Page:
Donor Advised Funds

The purpose of the Donor Advised Fund program is to create an opportunity for people to give back to their communities in an informed and active way. Our goal is to make participation in the work of the Community Foundation as rewarding as possible.

A Donor Advised Fund is a charitable fund established by a donor (an individual, family or business) into which they contribute cash or assets, receive a tax deduction and continue to have the opportunity to be involved in its charitable use. It offers active participation in the grant process by allowing you to recommend the grant recipients. It affords all the advantages of a private foundation with greater tax benefits and none of the administrative tasks. A Donor Advised Fund can be created at The Community Foundation for Greater Rome in a variety of ways. It’s a perfect vehicle for those who wish to participate actively in grantmaking and retain philanthropic flexibility.

The staff at the Community Foundation is dedicated to meeting the diverse needs and interests of our donor. We attempt to personalize our donor services in a variety of ways. But most of all, we want to get to know your charitable interests so that we are better able to assist you in meeting your charitable giving goals.

We strive to assist donors in maximizing the impact of their charitable gifts and hope that you make full use of the service we offer.

How can a Donor Advised Fund help you?

Mr. A was in his last year of work before retirement. He anticipated reduced income and a lower tax liability when his working career ended. While still working, he donated enough to his donor advised fund (DAF) to cover his charitable giving for his first year of retirement. He received the tax deduction when his income was higher and advised the DAF to distribute his gifts the next year.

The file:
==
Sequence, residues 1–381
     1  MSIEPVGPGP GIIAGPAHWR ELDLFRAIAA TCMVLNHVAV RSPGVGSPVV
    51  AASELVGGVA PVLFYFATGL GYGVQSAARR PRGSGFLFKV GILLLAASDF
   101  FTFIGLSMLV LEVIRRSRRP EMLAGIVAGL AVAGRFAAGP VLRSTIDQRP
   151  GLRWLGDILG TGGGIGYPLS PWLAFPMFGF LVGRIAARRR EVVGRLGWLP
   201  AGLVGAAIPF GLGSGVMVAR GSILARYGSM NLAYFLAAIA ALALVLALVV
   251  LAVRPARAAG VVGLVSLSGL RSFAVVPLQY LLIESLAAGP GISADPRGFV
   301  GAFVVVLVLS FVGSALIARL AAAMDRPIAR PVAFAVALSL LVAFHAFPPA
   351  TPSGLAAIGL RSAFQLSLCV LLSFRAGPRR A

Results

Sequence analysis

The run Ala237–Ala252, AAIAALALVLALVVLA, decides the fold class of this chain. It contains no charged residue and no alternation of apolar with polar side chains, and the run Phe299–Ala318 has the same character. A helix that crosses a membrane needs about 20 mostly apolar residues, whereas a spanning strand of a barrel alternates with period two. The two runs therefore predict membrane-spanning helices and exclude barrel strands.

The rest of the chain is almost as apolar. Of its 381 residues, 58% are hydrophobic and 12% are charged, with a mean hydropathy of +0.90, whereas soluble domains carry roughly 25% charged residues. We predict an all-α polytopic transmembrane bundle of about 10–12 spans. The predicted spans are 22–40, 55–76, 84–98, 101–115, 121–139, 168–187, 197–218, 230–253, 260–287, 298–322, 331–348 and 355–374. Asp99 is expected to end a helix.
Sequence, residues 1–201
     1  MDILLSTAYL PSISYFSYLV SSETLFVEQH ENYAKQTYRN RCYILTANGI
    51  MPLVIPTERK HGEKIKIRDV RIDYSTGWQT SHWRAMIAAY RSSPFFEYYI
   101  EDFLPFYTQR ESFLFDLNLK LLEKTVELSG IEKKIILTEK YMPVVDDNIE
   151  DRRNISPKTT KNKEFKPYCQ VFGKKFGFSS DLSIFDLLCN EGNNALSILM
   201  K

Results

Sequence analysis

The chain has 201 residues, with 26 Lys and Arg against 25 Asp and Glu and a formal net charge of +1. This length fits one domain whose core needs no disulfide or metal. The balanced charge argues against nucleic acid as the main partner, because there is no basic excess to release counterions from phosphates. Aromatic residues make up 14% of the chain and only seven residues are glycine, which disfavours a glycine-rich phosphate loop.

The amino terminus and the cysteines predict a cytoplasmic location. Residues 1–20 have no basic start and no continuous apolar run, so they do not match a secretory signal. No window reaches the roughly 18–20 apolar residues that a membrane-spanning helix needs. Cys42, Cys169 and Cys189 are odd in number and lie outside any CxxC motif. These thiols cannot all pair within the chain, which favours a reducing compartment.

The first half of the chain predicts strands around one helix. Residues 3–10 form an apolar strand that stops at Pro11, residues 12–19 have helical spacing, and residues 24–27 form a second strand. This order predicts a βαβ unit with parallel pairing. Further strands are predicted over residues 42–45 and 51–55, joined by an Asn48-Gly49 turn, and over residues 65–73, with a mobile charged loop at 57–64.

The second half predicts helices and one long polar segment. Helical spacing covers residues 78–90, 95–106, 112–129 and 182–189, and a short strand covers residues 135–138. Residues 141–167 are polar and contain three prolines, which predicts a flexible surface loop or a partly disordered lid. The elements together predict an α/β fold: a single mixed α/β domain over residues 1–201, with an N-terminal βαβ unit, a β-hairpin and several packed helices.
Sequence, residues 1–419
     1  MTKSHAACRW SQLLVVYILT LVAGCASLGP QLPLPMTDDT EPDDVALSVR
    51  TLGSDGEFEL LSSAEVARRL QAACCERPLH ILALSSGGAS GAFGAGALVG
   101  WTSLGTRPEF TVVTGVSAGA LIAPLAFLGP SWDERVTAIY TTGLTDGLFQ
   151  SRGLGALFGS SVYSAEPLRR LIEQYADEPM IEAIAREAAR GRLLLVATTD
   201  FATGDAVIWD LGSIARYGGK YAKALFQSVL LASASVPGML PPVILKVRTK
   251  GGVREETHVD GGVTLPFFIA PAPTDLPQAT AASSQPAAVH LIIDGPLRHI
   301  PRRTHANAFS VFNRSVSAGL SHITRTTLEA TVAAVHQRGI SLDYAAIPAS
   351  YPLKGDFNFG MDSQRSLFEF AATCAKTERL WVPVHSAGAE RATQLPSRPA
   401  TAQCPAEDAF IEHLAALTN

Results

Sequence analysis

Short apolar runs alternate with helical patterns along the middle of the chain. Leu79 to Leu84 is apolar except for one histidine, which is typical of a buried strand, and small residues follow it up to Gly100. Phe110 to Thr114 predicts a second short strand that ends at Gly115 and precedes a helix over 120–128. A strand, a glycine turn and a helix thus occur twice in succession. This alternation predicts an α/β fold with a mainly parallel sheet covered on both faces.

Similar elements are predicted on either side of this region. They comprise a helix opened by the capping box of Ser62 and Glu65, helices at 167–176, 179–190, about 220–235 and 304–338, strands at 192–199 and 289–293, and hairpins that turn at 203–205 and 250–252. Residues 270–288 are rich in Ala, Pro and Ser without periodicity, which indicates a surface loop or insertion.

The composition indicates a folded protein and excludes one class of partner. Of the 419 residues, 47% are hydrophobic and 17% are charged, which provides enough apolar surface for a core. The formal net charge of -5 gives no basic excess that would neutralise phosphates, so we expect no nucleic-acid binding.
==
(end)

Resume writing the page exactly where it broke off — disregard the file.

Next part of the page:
Mr. and Mrs. B both make significant salaries and contribute generously to a variety of non- profits. They plan to retire in ten years, but they want to maintain their generosity after they no longer work. Mr. and Mrs. B donate liberally to a DAF, receiving a deduction in the year of the contribution. After retirement, they will advise their DAF to distribute funds to their favorite causes. They receive tax deductions in years with higher income and build a DAF which can continue their generosity after they no longer receive salaries.

Mrs. C purchased shares in ABC Corp. in 1971. Recently, ABC received a cash offer for the purchase of the company, which would trigger a significant capital gain for Mrs. C. She donated 300 shares of ABC to a DAF. She advised the fund to make equal distributions to her church in the five subsequent years. Mrs. C avoided the capital gains on the 300 shares and received a tax deduction for an amount equal to the fair market value of the 300 shares on the date she donated the stock. The tax deduction negated a large portion of her tax liability for her capital gains on the remaining shares she tendered.

These scenarios represent tax strategies appropriate for the individuals mentioned. They do not represent tax advice. Please consult your personal tax professional before taking any action with a donor advised fund. Contributions to a donor advised fund are tax deductible (up to IRS limits) in the year they are made. Distributions from DAF’s do not receive additional tax benefits.